Internet Shakespeare Editions

Author: William Shakespeare
Not Peer Reviewed

Henry VI, Part 2 (Quarto 1, 1594)


Houses, of Yorke and Lancaster.
Humphrey. The lavv my Lord is this by case, it rests suspitious,
That a day of combat be appointed,
605And there to trie each others right or vvrong,
605.1Which shall be on the thirtith of this month,
With Eben staues, and Standbags combatting
In Smythfield, before your Royall Maiestie.
Exet Humphrey.
Armour. And I accept the Combat vvillingly.
610Peter. Alasse my Lord, I am not able to fight.
Suffolke. You must either fight sirra or else be hangde:
615Go take them hence againe to prison.
Exet vvith them.

530
The Queene lets fall her gloue, and hits the Duches of
530.1
Gloster, a boxe on the eare.
Queene. Giue me my gloue. Why Minion can you not see?
529.1
She strikes her.
I cry you mercy Madame, I did mistake,
531.1I did not thinke it had bene you.
Elnor. Did you not proud French-vvoman,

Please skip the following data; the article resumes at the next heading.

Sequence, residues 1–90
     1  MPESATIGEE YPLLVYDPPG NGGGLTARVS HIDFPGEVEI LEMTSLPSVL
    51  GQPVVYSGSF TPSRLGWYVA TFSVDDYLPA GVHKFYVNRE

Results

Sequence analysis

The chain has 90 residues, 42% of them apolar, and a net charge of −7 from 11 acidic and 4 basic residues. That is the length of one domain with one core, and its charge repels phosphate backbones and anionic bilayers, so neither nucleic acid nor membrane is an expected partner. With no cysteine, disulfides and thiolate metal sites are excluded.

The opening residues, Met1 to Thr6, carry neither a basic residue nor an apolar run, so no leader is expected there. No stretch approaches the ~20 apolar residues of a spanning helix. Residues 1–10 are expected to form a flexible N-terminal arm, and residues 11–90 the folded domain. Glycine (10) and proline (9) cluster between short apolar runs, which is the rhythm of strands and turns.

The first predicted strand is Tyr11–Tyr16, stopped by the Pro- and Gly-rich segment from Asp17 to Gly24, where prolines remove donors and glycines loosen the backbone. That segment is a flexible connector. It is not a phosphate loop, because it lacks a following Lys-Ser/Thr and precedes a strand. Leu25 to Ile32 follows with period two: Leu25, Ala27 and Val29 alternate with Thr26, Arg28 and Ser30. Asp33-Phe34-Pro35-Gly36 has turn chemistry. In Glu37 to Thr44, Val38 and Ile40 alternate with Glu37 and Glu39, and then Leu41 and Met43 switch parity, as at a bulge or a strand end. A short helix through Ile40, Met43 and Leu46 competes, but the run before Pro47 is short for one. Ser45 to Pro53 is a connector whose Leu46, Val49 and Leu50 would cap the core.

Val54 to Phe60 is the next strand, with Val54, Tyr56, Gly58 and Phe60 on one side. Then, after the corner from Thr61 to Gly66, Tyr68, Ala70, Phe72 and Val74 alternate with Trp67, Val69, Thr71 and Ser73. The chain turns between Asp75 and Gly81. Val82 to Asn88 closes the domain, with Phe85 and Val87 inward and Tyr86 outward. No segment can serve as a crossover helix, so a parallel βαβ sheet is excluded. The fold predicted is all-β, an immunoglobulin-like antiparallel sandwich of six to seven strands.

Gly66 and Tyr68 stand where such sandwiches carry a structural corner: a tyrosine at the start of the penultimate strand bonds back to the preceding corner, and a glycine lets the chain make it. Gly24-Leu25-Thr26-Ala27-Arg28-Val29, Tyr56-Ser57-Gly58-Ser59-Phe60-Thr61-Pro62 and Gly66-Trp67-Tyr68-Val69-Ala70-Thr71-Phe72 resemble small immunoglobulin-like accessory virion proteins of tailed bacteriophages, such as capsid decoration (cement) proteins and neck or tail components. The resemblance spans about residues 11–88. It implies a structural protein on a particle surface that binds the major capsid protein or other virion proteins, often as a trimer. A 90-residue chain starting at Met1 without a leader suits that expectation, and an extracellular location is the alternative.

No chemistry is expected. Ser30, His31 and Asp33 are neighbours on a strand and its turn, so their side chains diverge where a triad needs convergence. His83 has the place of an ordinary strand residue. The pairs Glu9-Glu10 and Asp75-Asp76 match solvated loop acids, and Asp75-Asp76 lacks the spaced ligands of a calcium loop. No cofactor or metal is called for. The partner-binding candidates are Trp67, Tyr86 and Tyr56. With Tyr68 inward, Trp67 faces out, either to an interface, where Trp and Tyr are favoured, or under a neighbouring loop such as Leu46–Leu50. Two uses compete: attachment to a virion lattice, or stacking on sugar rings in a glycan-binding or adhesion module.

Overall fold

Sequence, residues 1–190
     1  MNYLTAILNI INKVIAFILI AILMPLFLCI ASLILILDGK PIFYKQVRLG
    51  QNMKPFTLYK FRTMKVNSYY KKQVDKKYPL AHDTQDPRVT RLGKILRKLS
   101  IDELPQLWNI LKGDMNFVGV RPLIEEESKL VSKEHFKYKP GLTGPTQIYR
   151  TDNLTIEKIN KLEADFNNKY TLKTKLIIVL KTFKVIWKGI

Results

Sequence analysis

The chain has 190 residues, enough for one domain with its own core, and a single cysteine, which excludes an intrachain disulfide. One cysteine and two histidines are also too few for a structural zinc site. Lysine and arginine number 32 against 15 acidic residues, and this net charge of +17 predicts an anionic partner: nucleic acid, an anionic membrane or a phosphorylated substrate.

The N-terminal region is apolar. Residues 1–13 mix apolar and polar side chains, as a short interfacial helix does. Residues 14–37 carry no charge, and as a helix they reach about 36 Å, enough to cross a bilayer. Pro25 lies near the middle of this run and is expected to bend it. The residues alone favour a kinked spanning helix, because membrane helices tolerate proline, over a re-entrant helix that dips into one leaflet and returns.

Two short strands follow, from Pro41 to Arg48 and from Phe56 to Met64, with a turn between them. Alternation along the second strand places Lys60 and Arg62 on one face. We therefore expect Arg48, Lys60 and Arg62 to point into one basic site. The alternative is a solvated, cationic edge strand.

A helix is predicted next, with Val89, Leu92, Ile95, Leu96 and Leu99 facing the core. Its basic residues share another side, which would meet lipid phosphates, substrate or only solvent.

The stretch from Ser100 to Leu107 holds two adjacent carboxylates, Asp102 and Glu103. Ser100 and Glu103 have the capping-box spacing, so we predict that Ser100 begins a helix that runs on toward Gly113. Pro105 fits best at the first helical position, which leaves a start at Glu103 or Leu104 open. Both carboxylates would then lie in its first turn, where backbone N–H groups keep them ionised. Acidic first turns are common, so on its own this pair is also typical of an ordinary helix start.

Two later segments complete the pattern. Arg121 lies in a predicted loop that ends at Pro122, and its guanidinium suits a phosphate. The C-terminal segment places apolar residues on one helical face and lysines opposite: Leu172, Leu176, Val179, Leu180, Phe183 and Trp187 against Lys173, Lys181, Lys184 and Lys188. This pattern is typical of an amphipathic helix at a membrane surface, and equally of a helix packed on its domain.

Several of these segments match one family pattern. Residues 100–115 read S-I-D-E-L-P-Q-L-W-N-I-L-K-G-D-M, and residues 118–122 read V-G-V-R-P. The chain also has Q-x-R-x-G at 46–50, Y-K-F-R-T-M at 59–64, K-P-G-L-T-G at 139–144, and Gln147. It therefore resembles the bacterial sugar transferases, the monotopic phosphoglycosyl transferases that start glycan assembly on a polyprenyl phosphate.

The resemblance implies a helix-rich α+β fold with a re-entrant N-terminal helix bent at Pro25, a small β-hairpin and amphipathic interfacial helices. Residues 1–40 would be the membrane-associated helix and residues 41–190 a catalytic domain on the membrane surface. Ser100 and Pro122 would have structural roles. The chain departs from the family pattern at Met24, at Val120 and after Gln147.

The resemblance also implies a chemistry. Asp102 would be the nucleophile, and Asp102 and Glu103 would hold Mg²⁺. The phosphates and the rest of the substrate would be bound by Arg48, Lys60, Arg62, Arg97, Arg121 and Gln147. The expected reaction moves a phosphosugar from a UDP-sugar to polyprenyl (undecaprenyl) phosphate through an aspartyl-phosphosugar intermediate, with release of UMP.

Could I come neare your daintie vissage vvith my nayles,
Ide set my ten commandments in your face.
535King. Be patient gentle Aunt.
535.1It vvas against her vvill.
Elnor. Against her vvill. Good King sheele dandle thee,
If thou vvilt alvvaies thus be rulde by her.
But let it rest. As sure as I do liue,
She shall not strike dame Elnor vnreuengde.
540
Exet Elnor.
540.1King. Beleeue me my loue, thou vvart much to blame,
I vvould not for a thousand pounds of gold,
My noble vnckle had bene here in place.
Enter Duke Humphrey.
546.1But see vvhere he comes, I am glad he met her not.
Vnckle Gloster, vvhat ansvvere makes your grace
600.1Concerning our Regent for the Realme of France,
Whom thinks your grace is meetest for to send.
Humphrey.